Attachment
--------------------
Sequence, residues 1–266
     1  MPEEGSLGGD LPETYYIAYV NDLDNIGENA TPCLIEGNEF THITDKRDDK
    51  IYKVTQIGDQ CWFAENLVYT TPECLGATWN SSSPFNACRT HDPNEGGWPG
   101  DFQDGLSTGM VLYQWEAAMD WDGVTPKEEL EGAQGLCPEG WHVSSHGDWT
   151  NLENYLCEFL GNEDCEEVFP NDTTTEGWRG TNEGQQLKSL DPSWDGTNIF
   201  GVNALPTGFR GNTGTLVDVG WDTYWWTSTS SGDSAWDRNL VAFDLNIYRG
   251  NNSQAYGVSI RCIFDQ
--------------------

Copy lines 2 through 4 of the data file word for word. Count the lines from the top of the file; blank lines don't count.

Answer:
     1  MPEEGSLGGD LPETYYIAYV NDLDNIGENA TPCLIEGNEF THITDKRDDK
    51  IYKVTQIGDQ CWFAENLVYT TPECLGATWN SSSPFNACRT HDPNEGGWPG
   101  DFQDGLSTGM VLYQWEAAMD WDGVTPKEEL EGAQGLCPEG WHVSSHGDWT